Photo by Mississippi Brilla FC
Born in Spain, Royo played for fourth-division side AD Villaviciosa de Odón before moving to England with his family at 16 years old. While there, his pursuit to play at the professional level saw him earn a trial with English club Bolton Wanderers. However, his stint there ended without an offer, and Royo made his way north to Scotland, where he signed a contract with semi-professional side Gretna FC 2008. He was finally a pro playing the sport he loved, but Royo wanted more.
Royo wanted higher education, knowing that a professional soccer career was not going to last forever. He researched opportunities, and discovered that Spanish club Atletico Madrid was helping Spanish players find scholarships to universities in the United States.
“I had to do some kind of tryouts, and I was actually the first one they sent over to the States,” Royo said.
“It was always my dream to become a professional soccer player, but in Europe, it comes down to the point where you have to choose between wanting that or your education," Royo said. "You can be a professional soccer player or you go for your studies, so when I realized at the age of 21 that the money that I was making wasn’t the best. … I realized soccer wasn’t going to last forever. I had to find a way, so I saw Atleti were offering these tryouts, and soccer in the United States was growing up and colleges actually offer you the chance to get an education and play soccer to expose yourself for a professional club to play after your four years.”
Because Royo had signed a contract for Gretna FC 2008, the attacking midfielder was ineligible to compete in the NCAA. Due to that restriction, he chose to attend the University of Northwestern Ohio, which competes in the NAIA. Royo hit the ground running, scoring nine goals and providing four assists in his first season. He then scored 16 goals and assisted 10 others in his second season. While Royo was shining on the field, he knew he had to gain even more exposure if he wanted to play at the next level in the U.S.
“I heard about it in my second year at university – the PDL – and how most of the soccer players who are DI, DII, DIII, NAIA, they play in this league to try and show what they can do for a professional team, and I was really interested in this,” Royo said. “Luckily, last year, [Brilla FC Head Coach] Mark McKeever contacted me and a few guys from my university and was really interested in me coming here to Mississippi Brilla and being a part of the program.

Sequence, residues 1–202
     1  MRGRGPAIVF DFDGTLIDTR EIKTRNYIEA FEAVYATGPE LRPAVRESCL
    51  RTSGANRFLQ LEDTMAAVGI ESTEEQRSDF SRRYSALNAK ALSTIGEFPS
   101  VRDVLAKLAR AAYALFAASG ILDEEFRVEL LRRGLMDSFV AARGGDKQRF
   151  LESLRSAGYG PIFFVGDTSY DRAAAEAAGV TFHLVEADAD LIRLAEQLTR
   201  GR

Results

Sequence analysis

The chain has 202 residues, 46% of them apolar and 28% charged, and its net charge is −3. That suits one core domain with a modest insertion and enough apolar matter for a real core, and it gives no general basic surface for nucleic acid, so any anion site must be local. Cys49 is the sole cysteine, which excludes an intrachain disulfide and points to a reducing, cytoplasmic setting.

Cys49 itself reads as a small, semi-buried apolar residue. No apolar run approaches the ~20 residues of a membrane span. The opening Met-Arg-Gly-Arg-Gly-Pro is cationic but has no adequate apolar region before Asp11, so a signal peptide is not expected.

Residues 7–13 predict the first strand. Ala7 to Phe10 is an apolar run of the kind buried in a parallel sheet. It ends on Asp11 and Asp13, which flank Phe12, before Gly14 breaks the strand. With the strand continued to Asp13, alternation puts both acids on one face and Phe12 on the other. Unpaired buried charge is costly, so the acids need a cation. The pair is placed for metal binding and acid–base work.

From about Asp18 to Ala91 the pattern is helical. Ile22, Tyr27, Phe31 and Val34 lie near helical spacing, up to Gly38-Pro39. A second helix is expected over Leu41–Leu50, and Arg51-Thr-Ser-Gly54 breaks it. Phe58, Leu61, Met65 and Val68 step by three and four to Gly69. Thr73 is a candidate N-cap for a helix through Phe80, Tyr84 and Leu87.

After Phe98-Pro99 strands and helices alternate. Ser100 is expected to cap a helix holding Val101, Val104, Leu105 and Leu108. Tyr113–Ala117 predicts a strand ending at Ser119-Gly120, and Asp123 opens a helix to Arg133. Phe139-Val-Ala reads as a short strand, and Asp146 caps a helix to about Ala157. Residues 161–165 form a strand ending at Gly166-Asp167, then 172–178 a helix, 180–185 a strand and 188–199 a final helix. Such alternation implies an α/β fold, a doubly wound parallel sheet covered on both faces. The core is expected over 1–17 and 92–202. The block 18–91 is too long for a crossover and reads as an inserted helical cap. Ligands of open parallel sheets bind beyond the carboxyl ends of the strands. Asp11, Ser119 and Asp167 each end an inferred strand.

“[Last season] we didn’t make it as far as we wanted to, but everything was so professional, the facilities were really good and I think that it helped me a lot coming into my senior season to do well.”
After scoring seven goals, providing four assists, leading Brilla FC to a Mid South Division title and earning All-PDL Southern Conference Team and All-League Team honors, Royo went on to enjoy his best season for Northwestern Ohio. The midfielder recorded 17 goals and 10 assists in 19 appearances. His strong year saw him earn a combine invite to showcase his skills in front of MLS teams.
“Through that, I was on the list for the [MLS] draft, but I wasn’t expecting to be drafted because NAIA players don’t get as much recognition as divisions or other teams,” Royo said. “But I was lucky enough to be with those guys, and it was a great experience.”
Despite Royo not being selected in the 2016 MLS SuperDraft, he did have another chance to see his pro dream become a reality. A few USL teams reached out to Royo about trying out for their teams, and the attacking midfielder decided to train and trial with USL’s Rochester Rhinos. Royo was enjoying his time with the club and thought he was doing well, but he suffered an injury during his stint and was not offered a deal.
Now healthy, Royo is back with Brilla FC, wanting to return to a high level so he can earn a pro contract he has traveled far and wide to attain.
“It’s just another thing to learn from,” Royo said. “It was a good experience to be involved with those guys [the Rhinos]. They just won the USL the prior season, and being there and knowing I have the level to play there. I didn’t feel they were above me.
“The PDL really helped me with that. The NAIA has really good universities, but playing in the PDL against good teams every week, that showed me that I could do it.”